While the plot becomes more meaningful when the stakes are at their highest in the second act, it still takes a backseat to the resplendent spectacle of this production. This is a jukebox musical turned up to 11 and makes no apologies for the disparate genres of pop ditties it weaves together into seamless pastiches. From the iconic “Lady Marmalade” to “The Sound of Music,” “Take on Me,” “Diamonds are Forever,” “I Will Always Love You,” “Royals,” “Material Girl,” “Everlasting Love,” “Let’s Dance,” “We Are Young,” to “Your Song,” the can-can dance, etc., there is no shortage of recognizable hits that will appeal to both fans and non-fans of musicals alike. Certainly, while some criticisms are valid regarding the derivative nature of the show, and how some of the songs don’t really push the story forward like traditional musicals, there is no mistaking the fact that attendees’ eyes and ears will inevitably swoon over the sumptuously visual and aural presentation of Moulin Rouge! The Musical.

Front and center of this ceaselessly diverting experience are Courtney Reed as Satine, the starlet who has seen it all, and Conor Ryan as the comparatively naïve and innocent Christian. While Satine and Christian are an unlikely pairing on the surface, Reed and Ryan share a palpable bond founded on a staunch and intense commitment to their roles. Neither holds anything back, unleashing their emotions via song, as Reed does with a soaring version of “Firework” and Ryan does with a powerful, anguish-ridden rendition of “Roxanne” – which completely reimagines The Police’s hit. Their characters mirror each other’s love-struck turmoil during “Come What May,” and “Rolling in the Deep,” the latter of which nearly takes ownership from Adele, as it stirs the soul and causes goosebumps to spontaneously appear.

David Harris in the North American Tour of “Moulin Rouge! The Musical.” Photo by Matthew Murphy for MurphyMade

The Moulin Rouge’s owner and emcee, the scepter-wielding Harold Zidler, is portrayed by the amazingly talented Austin Durant. His character is tasked with, and succeeds in guiding the audience’s enthusiasm, garnering laughs particularly during rehearsals of Bohemian Rhapsody and, not to mention, helping to ballast the central conflict by guilting Satine into appeasing the imperious Duke, played by the underrated David Harris, who is fiercely believable as the musical’s antagonist.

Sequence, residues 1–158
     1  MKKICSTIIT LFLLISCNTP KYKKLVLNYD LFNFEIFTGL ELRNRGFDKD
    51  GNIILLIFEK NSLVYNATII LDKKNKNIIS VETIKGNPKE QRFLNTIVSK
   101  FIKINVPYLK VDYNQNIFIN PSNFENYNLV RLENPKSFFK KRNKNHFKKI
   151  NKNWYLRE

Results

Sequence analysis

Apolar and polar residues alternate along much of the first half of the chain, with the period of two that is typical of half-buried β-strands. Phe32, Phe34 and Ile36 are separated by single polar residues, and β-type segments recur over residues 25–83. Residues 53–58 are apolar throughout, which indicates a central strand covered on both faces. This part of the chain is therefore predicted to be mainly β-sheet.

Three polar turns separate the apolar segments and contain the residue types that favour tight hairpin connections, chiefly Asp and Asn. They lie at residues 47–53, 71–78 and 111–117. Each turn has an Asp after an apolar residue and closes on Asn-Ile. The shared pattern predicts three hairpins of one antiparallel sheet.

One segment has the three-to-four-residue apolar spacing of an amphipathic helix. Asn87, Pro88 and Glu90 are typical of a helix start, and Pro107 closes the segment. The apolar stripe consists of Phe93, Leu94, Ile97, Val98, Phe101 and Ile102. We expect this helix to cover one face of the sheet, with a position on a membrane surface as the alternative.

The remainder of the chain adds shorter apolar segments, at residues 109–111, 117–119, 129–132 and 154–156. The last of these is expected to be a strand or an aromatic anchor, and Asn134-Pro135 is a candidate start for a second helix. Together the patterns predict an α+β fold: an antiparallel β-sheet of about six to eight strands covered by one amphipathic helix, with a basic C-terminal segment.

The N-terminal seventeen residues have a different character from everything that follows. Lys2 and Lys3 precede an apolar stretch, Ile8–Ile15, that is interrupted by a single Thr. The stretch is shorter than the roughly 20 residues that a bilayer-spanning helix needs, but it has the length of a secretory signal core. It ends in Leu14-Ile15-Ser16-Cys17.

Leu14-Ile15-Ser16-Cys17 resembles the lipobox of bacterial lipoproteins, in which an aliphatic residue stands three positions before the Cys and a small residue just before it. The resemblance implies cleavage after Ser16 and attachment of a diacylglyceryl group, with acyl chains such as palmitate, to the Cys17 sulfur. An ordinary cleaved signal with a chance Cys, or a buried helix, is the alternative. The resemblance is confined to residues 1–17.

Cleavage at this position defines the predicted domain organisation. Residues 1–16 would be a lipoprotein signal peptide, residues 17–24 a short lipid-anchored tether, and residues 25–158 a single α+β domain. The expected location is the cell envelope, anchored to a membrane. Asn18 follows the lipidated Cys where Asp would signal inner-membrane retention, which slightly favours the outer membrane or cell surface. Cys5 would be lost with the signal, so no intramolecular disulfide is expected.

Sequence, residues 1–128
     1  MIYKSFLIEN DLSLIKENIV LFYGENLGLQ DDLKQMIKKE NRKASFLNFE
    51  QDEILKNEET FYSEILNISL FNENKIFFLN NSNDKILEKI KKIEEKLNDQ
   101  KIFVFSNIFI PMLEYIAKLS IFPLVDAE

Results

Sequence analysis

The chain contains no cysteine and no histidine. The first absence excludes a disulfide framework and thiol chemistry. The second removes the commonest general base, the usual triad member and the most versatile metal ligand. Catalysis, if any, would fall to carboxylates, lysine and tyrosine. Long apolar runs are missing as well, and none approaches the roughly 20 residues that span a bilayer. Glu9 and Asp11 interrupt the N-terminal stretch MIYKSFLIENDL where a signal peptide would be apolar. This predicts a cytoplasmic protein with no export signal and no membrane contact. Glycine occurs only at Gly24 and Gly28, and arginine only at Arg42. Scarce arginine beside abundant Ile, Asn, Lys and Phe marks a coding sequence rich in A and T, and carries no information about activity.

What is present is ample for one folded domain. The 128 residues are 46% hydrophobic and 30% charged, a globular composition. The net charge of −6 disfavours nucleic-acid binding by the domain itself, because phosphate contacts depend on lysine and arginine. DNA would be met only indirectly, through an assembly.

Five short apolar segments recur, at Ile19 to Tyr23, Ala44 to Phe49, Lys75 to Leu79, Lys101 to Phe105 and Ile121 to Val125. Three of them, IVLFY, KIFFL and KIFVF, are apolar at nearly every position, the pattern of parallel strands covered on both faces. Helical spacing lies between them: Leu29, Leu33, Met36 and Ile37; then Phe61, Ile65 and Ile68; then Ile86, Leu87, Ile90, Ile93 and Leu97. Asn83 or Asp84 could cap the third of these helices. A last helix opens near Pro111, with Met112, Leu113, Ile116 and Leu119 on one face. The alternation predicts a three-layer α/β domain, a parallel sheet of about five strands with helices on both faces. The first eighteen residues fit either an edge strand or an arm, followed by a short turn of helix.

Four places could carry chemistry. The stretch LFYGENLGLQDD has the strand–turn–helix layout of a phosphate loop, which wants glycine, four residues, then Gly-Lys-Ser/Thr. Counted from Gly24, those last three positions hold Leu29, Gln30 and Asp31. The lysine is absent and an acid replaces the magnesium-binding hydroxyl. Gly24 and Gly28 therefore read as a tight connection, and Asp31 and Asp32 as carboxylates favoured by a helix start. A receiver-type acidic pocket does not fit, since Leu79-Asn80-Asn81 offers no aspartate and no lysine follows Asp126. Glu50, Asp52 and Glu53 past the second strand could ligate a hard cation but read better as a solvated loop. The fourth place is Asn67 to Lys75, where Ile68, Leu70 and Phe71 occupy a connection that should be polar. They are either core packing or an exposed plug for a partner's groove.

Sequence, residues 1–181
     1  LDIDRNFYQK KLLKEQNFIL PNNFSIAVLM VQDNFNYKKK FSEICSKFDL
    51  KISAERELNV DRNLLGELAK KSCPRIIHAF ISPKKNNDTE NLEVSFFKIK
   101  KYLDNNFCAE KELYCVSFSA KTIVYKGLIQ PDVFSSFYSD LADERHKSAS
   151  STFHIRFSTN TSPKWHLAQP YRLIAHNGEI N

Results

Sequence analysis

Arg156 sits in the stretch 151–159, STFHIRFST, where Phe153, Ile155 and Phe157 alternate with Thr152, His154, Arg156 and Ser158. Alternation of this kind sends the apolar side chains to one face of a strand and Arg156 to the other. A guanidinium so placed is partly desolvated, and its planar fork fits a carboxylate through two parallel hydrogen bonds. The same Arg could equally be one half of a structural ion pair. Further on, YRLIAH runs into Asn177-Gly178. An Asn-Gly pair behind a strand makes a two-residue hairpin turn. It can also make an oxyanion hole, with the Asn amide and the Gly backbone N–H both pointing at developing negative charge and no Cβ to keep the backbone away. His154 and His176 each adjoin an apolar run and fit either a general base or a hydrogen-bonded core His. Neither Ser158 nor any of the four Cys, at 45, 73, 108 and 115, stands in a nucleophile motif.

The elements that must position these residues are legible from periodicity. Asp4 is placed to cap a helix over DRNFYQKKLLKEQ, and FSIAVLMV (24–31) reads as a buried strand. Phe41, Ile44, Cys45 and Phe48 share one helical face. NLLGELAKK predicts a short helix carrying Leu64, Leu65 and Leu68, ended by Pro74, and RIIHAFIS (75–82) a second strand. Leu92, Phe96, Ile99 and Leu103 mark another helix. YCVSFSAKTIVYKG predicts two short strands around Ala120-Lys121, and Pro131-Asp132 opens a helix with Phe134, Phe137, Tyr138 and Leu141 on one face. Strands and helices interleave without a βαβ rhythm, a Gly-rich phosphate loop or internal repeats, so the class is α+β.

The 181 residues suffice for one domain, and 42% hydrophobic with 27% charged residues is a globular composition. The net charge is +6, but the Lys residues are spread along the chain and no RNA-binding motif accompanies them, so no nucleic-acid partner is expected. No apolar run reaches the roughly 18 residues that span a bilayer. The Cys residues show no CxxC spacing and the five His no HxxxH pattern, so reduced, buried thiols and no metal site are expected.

The Bohemians, Toulouse-Lautrec and Santiago, come across as genuine artists devoted to the dogma of “truth, beauty, freedom, and love” thanks to personable depictions by André Ward and Gabe Martínez, respectively. Ward offers sincere heart to Toulouse-Lautrec, as evidenced by his performance of “Nature Boy,” and Martínez imbues his Santiago with sizzling showmanship, highlighted by a scorching “Bad Romance” dance showcase with Libby Lloyd’s Nini, and the phenomenal ensemble, at the start of Act II. The execution of this number is so extraordinarily stupefying (a credit to choreographer Sonya Tayeh) that the opening night crowd deservingly fell under its spell, rewarding the cast with an extended standing ovation upon its conclusion.

The cast of the North American tour of “Moulin Rouge! The Musical.” Photo by Matthew Murphy for MurphyMade

All in all, although there are musicals that boast more creativity from a narrative standpoint, Moulin Rouge! The Musical doesn’t attempt to be something it is not, instead harnessing its panache and abundant resources for the all-important purpose of entertaining with sensory thrills, delivered by a dedicated cast that lays it all on the line, taking its audience along a delectably vibrant, vigorous, and vivacious odyssey. The extended encore/curtain call, and the celebratory confetti that is launched from the stage, will additionally remind crowds of the memorable revelry they were invited to partake in over the previous three hours.

For more information, and to purchase tickets to Moulin Rouge! The Musical, please visit: